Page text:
1. an unwillingness by Indonesians to recognize Papua’s unique situation,
  2. a lack of sustained attention from the central authorities, and
  3. a culture of impunity among the military and law enforcement agencies.

The first step to address the simmering conflict would require the authorities in Jakarta to finally admit that the situation in Papua is fundamentally different than elsewhere in Indonesia. According to the latest census in 2010, Indonesia’s population consists of roughly 300 ethnic groups spread across 13,700 individual islands speaking 250 languages. The ability to build a state amid such diversity has given Jakarta a sense that cultural, ethnic, or linguistic differences present no real barriers to implementing policy. The largely successful decentralization of authority following the country’s transition to authority further convinced the authorities that they had found the happy medium between local autonomy and central control.

Recent history has shown, however, that any solution to Papua will require a far more tailored approach to satisfy local cultural and historical needs. The province is ethnically, culturally, and linguistically distinct from the rest of Indonesia. Its people are predominantly Melanesian and it is the only sizeable part of the country in which Malayo-Polynesian languages are not dominant. It is also predominantly Christian and its people often feel threatened by their Muslim neighbors. Add to this the bitter legacy of Indonesian occupation and the result is a region whose desire for self-determination will require a far more robust approach than the special autonomy status granted to Papua in 2001.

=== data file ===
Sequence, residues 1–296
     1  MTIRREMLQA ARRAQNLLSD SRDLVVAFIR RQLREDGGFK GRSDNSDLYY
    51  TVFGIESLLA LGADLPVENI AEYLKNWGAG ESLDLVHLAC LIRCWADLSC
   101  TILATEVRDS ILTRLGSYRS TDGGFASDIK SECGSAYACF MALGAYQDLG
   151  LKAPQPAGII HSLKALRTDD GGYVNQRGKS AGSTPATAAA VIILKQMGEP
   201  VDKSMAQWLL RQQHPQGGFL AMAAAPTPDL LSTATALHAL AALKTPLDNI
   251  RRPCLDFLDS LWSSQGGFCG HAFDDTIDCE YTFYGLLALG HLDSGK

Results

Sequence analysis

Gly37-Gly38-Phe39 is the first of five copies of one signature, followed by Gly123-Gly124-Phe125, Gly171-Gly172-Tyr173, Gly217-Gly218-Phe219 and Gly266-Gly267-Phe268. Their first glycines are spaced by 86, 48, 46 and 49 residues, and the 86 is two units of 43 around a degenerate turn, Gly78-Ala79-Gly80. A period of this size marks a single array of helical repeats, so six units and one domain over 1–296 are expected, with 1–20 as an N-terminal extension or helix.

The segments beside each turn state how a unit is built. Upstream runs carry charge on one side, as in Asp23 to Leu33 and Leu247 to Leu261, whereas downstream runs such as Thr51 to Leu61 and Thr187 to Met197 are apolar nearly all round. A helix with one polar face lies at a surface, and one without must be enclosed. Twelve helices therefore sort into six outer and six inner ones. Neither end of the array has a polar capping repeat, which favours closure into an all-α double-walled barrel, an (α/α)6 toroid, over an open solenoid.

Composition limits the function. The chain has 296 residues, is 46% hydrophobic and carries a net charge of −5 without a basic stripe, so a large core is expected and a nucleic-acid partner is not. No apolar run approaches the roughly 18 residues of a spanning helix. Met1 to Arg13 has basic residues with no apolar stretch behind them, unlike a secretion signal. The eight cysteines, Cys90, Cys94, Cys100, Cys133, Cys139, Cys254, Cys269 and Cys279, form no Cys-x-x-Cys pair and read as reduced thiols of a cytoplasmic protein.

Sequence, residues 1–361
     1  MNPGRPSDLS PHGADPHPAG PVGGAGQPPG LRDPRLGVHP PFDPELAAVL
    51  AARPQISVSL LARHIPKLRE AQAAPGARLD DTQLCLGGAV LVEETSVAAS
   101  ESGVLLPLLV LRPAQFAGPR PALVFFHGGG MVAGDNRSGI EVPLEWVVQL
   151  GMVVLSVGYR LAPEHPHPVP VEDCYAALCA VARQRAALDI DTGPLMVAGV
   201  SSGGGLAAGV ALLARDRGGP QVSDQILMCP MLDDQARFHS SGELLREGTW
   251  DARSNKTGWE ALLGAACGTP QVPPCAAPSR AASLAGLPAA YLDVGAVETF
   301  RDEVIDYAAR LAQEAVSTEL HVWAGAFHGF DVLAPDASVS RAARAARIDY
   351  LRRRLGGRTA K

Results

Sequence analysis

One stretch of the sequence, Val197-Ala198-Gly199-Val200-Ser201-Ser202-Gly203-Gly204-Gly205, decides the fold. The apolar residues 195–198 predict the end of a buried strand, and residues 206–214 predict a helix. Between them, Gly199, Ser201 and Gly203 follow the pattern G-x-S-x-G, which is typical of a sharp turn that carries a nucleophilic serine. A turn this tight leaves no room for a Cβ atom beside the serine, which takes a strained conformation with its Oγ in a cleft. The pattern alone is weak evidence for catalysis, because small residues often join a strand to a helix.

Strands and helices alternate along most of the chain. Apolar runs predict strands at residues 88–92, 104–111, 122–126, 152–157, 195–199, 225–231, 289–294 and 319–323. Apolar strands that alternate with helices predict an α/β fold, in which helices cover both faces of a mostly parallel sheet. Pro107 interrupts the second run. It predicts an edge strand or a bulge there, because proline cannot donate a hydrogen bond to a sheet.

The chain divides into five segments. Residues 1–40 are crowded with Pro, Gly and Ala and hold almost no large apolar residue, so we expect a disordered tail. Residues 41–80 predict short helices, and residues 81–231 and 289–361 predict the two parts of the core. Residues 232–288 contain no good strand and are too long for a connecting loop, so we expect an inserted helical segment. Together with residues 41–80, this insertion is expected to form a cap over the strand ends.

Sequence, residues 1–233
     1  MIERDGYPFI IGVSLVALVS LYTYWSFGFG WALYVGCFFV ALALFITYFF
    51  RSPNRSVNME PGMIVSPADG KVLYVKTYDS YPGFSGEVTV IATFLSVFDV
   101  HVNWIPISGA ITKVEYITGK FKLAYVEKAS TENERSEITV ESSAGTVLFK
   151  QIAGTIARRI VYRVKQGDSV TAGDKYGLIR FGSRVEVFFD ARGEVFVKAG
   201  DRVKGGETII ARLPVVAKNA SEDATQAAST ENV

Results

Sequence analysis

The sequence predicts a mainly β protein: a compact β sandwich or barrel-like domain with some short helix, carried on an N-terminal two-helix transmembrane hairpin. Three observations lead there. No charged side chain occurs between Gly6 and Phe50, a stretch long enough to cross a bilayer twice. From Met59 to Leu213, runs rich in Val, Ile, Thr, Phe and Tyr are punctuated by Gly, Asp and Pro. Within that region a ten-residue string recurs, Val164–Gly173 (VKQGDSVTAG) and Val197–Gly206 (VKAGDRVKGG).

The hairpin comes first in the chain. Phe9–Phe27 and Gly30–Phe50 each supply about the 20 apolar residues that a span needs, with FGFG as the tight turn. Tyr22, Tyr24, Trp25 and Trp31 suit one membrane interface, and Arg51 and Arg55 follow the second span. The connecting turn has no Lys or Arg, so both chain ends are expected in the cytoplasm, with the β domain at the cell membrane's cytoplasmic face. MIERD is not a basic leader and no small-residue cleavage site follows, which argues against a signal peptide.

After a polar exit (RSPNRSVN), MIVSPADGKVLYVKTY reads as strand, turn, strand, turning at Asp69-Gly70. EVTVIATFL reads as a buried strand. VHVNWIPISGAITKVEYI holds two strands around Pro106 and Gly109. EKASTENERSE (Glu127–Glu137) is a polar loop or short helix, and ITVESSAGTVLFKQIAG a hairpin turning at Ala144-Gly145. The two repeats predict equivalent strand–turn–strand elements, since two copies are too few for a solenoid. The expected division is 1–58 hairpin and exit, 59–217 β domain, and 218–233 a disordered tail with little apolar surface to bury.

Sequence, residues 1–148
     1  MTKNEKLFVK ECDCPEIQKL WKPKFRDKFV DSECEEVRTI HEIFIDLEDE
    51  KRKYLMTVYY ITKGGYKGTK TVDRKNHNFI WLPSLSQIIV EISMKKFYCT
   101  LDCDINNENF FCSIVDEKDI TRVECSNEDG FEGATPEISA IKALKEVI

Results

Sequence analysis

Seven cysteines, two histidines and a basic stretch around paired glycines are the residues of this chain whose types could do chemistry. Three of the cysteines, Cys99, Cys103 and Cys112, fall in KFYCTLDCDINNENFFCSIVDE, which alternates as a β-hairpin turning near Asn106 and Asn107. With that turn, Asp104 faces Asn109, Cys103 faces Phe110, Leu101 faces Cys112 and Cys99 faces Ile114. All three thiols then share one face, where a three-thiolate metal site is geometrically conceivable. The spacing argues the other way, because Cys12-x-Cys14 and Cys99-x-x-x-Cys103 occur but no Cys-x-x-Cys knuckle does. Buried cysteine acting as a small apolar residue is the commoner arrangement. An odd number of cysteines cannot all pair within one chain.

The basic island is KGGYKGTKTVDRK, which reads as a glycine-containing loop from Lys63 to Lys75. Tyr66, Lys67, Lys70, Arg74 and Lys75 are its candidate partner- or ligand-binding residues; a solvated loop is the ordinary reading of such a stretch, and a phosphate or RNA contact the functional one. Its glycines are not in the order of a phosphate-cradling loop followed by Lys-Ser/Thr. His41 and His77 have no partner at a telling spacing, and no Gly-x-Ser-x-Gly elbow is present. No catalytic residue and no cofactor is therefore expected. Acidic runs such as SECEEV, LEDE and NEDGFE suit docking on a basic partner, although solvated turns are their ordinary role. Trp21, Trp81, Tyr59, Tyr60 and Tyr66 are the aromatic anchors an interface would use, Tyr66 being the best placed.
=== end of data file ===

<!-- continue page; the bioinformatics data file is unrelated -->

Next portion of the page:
The distinctiveness of Papua, and the sense of otherness it breeds, contributes directly to the second problem with Jakarta’s approach—a lack of sustained attention. Papua is simply too far away and its people and problems too alien to command the attention of the central government. The last real attempt to grapple with the problems in Papua took place under the presidency of Megawati Sukarnoputri (2001–2004), but the authorities quickly washed their hands of the situation after the law granting special autonomy was enacted. Papua policy has been left in the hands of the armed forces and local police and officials. The situation has steadily deteriorated until even this month’s violence fails to surprise many.

This willingness to keep Papua policy on autopilot unfortunately remains the case today, as President Susilo Bambang Yudhoyono spared little attention for the recent violence before jetting off to the G20 summit in Los Cabos, Mexico. The sense that Jakarta is not watching what happens on the ground, along with the military’s outdated system of independent regional commands, feeds a tendency for commanders and local officials to treat their areas of responsibility in Papua as personal fiefdoms. Soldiers and police alike carry out their duties with neither transparency nor accountability. After years of conflict and often heavy-handed responses from authorities, Papuans have little faith in law enforcement or the courts. In such an atmosphere, the turn to mob justice on display in Wamena is unfortunate, but it should not be surprising.